Taj al-Din al-Hassani (1885-1943) was the third president of the Syrian state between February 15, 1928 and November 9, 1931 and the Prime Minister of Syria after the proclamation of the republican regime between 16 March 1934 and 22 February 1936. The first Syrian president was appointed between 16 September 1941 and 17 January 1943, Syria, after the fall of Ottoman Syria. He was also the only cleric to hold high positions in the Syrian state. His father, Sheikh Badr al-Din al-Hassani, was a mufti and prominent scholar in Damascus in the late 19th century.
He was known for his closeness to France and his friendship with its commissioners in Syria, and in particular with Charles de Gaulle during the 1940s. During his second term in office in June 1941, he declared his second independence. His appointment as President of the Republic was "able to serve French interests, " However, Fares al-Khoury, one of the pillars of the national bloc, stated that the sheikh was" the enemy of God "in the demonstrations that led to Syria's demand for independence and the demise of the French mandate. National leader. He died during his second term on January 17, 1943, thus becoming the first Syrian head of state to die during the exercise of his authority. In addition to his political activity, he has forty authors.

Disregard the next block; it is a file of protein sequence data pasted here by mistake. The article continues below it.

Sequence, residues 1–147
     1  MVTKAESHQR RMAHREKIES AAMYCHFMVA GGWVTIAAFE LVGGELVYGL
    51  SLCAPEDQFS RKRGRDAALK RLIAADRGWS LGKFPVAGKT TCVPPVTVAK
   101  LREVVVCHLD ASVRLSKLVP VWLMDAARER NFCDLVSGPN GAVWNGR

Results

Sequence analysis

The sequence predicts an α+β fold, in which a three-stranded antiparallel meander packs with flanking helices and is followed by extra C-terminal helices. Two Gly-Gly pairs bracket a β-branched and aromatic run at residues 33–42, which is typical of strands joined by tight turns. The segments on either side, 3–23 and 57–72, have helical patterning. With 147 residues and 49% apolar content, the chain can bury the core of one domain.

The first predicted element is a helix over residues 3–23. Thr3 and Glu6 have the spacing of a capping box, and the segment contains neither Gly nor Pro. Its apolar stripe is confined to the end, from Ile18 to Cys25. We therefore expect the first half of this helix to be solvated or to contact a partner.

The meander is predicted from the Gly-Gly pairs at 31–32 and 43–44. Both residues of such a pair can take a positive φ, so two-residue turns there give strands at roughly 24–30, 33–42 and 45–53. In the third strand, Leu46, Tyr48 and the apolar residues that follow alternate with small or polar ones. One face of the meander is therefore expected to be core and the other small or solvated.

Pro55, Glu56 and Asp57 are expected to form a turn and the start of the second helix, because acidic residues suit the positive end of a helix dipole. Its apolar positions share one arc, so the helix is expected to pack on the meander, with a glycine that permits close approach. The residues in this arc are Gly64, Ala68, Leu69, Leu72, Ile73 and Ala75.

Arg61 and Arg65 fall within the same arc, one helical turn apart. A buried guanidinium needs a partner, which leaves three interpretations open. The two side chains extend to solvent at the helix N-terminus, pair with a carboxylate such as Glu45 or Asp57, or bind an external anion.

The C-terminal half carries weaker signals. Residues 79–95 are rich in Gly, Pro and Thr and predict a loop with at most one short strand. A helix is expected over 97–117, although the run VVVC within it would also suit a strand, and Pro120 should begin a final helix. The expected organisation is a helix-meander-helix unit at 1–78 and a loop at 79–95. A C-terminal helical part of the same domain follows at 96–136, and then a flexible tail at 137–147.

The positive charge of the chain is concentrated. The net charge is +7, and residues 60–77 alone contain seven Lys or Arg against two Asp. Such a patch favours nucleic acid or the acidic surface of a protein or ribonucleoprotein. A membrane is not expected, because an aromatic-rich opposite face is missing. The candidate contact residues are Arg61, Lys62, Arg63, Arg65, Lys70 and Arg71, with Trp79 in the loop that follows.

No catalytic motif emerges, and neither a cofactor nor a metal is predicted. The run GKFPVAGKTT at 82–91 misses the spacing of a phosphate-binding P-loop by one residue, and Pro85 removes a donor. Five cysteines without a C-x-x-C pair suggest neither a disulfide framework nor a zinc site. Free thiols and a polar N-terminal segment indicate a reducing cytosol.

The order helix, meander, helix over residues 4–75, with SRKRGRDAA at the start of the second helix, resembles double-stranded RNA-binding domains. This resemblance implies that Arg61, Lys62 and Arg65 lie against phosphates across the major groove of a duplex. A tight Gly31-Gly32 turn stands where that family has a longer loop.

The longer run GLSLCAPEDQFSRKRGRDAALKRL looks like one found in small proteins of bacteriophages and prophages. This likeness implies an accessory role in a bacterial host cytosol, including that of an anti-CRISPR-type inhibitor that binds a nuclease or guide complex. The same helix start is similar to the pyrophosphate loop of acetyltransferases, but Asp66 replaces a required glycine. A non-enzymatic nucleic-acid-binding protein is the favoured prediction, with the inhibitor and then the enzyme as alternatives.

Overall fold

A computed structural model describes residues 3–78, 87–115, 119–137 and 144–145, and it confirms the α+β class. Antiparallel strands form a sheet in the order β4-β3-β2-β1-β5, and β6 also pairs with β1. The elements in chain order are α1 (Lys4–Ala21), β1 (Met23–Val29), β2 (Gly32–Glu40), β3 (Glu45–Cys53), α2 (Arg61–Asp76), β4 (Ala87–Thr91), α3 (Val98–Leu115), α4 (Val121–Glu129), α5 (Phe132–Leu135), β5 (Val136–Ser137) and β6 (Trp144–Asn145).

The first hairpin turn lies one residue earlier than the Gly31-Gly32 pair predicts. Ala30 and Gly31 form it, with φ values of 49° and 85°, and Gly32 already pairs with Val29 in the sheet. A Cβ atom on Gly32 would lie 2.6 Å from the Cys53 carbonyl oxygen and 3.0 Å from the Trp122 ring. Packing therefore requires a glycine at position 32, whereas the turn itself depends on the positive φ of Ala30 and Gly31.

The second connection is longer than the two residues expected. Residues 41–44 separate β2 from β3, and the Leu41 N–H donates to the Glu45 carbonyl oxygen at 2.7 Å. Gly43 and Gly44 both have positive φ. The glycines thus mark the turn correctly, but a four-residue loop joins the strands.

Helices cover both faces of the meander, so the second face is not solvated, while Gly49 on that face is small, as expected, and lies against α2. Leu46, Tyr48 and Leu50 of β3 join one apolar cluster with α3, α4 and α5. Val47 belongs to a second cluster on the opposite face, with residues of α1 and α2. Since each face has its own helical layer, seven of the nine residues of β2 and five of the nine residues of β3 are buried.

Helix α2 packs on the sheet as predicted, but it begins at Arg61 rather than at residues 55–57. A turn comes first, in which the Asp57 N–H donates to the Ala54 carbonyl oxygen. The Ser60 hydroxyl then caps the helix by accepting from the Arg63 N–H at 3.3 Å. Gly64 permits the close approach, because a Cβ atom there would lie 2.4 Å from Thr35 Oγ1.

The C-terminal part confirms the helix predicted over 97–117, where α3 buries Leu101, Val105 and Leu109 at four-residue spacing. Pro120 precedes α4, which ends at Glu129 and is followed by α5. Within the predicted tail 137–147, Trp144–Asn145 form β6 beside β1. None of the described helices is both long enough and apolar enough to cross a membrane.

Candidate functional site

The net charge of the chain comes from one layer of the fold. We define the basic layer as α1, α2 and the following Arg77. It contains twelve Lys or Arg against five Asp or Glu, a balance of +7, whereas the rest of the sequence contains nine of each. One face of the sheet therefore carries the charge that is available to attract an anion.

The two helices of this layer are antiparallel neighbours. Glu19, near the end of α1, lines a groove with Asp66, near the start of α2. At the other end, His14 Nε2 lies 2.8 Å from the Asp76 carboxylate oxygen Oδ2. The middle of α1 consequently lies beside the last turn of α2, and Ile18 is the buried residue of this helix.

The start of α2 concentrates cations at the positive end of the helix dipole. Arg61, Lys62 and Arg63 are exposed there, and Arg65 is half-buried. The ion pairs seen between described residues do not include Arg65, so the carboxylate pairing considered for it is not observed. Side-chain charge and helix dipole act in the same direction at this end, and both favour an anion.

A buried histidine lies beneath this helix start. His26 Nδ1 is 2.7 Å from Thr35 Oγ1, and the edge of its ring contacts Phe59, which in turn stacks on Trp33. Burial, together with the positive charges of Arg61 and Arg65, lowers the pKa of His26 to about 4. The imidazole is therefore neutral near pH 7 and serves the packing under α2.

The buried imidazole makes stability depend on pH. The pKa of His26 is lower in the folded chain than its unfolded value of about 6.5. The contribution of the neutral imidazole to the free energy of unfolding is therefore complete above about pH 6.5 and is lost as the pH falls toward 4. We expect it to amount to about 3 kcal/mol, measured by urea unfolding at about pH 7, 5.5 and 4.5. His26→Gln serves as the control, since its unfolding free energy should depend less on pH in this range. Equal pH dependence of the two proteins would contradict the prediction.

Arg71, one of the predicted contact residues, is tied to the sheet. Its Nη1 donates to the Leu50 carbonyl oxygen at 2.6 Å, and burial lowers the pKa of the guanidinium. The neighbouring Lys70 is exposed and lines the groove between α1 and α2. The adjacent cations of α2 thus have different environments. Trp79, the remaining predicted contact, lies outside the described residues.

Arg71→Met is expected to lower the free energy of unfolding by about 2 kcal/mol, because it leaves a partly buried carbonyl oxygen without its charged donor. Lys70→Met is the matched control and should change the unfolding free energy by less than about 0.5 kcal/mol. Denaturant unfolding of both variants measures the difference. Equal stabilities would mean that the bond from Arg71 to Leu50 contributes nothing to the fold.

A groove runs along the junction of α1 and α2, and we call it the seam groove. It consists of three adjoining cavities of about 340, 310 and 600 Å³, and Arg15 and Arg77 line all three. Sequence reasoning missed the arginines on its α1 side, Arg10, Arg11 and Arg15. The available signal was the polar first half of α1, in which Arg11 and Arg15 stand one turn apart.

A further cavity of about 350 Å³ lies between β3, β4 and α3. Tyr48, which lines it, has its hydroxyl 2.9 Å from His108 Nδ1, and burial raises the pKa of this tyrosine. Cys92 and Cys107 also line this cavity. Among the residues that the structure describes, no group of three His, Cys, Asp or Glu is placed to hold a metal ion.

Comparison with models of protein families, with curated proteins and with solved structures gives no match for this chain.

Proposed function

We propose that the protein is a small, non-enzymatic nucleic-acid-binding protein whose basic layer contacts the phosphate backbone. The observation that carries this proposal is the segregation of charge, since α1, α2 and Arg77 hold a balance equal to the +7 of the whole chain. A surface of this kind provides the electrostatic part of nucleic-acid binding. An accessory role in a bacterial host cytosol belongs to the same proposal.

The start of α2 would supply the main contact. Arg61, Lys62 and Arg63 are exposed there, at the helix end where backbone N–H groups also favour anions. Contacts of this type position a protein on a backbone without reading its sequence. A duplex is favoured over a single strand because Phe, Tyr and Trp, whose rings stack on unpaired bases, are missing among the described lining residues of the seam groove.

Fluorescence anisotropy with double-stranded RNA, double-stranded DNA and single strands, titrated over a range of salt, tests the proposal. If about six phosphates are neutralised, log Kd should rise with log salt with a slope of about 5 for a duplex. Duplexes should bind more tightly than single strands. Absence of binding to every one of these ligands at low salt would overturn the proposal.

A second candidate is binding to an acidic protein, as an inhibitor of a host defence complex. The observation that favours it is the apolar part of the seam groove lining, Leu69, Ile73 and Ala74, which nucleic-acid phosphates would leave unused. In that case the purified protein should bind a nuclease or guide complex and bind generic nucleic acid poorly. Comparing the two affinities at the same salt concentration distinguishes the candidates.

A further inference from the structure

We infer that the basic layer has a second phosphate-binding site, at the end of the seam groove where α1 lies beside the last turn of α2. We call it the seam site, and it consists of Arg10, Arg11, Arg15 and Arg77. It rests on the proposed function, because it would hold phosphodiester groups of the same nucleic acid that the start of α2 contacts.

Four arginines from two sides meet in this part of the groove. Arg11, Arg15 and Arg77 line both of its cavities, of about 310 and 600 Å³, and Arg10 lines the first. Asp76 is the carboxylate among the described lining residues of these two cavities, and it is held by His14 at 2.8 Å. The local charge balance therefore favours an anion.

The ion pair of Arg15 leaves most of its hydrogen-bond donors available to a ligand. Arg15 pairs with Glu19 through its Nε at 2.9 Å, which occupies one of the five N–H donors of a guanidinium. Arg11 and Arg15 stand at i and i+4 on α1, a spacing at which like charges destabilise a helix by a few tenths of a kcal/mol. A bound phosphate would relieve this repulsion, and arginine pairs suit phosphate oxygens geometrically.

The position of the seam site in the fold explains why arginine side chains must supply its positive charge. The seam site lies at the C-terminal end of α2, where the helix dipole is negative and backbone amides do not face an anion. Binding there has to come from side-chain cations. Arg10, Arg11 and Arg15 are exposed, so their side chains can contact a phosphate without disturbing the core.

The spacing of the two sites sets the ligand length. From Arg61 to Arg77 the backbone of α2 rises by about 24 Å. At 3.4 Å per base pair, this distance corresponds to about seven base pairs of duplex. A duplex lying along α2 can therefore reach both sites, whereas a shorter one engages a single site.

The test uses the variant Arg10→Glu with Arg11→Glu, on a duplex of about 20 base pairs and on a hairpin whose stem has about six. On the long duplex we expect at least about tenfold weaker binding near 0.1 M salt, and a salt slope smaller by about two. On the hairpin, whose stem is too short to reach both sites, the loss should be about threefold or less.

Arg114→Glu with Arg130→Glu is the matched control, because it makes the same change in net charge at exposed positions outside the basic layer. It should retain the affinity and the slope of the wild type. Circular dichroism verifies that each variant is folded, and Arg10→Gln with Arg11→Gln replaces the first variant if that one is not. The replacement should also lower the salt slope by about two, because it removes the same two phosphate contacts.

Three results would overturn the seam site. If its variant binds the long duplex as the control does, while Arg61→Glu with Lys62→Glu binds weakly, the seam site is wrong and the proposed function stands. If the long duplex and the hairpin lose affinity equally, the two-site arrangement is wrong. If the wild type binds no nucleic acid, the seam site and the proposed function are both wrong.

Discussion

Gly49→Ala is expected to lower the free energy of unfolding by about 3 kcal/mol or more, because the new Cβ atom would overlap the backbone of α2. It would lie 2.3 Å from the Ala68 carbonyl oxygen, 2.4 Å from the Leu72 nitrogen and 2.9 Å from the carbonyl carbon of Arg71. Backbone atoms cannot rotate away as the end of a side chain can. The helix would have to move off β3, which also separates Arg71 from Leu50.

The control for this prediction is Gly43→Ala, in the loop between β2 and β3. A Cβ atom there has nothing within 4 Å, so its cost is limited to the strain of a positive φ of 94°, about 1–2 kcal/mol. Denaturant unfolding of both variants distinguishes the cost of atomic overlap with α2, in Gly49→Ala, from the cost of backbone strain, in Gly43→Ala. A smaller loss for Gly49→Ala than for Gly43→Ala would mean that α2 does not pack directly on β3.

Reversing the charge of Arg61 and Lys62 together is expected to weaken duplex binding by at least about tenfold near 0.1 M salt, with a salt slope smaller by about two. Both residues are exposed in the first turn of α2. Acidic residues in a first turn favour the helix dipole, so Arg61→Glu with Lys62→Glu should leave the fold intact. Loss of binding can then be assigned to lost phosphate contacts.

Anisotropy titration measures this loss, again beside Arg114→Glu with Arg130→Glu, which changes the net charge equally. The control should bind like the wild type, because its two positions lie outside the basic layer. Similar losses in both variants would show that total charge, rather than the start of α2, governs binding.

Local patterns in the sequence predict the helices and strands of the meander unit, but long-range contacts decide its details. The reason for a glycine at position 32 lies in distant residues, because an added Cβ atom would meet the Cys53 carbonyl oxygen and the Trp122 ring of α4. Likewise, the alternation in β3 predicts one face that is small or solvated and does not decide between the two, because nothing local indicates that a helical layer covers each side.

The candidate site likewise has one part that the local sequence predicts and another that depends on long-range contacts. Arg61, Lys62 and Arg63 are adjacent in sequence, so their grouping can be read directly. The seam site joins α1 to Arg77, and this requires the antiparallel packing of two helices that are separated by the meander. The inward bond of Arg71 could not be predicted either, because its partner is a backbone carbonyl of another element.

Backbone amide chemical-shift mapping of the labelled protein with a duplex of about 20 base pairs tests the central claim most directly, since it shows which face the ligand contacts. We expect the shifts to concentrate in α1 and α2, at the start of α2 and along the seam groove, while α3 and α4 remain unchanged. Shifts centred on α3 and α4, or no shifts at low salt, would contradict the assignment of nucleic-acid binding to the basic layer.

Although he and his father were born in Damascus, the roots of his family belong to Marrakech in Morocco.